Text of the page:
I don’t think you can ever really separate communities from some form of resistance. Even as you’re writing against the expectations of one community (or society), you’re usually creating, upholding or reinforcing those of another. I always find it so interesting when people deny that their writing is political. All writing is inherently political! Even when we choose to do nothing to change the status quo, that is a choice that has consequences - those consequences being, of course, that current injustices will continue, unchecked. In that way, we are all activists, whether we want to admit it or not. I’m not sure if that really answers your question...

CL: Writers resist. That means the thing we don’t want it to mean, doesn’t it? I mean, we don’t want to break glass in writers’ ears about why writers, whatever they get up to, are occupying resistance spaces. I tend to agree with your thoughts on positionality. As much as we may want to take up another role from time to time, the writer is active in whatever position they occupy, which means they counterbalance positions not their own. The thing that is written down with the intention to have it read is an offering  of essential things that occupy active, not passive, space.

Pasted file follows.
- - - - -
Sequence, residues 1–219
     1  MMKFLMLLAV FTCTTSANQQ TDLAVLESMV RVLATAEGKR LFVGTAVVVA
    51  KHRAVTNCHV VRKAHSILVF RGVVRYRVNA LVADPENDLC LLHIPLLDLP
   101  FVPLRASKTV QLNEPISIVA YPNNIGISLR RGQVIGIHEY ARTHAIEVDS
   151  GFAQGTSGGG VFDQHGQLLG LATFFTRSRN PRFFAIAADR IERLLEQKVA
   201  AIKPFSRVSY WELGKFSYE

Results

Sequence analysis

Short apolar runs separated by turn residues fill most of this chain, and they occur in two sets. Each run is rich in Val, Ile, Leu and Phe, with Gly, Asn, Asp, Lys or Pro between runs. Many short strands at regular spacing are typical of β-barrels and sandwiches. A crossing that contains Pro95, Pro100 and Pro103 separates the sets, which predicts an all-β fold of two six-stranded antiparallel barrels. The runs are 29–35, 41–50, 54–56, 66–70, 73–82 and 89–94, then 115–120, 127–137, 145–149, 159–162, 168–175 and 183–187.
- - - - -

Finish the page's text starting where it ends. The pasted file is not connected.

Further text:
This reminds me of the poem “Violins” by Rowan Ricardo Phillips. Have you read it? This poem, by its title, suggests personal and communal play both metaphorically and literally. It makes me think deeply about something the fine poet, Vladimir Lucien says about the function of play in world-building, in the making of societies. That play is a radical form of creation, which also extends to the art of writing is something that is easily taken for granted, or worse, at face value. From line one, "Violins" begins immediately to dislodge personal play from its uncalled identity, even with all the high culture that an instrument like the violin elicits. Still, Phillips complicates play as something which is thought to be entirely in the domain of children, whatever the cliche is. In the most unassuming mundane language Phillips then eviscerates the very idea of mundanity of its so-called passivity. But “Violins” is a very intensely politically active poem.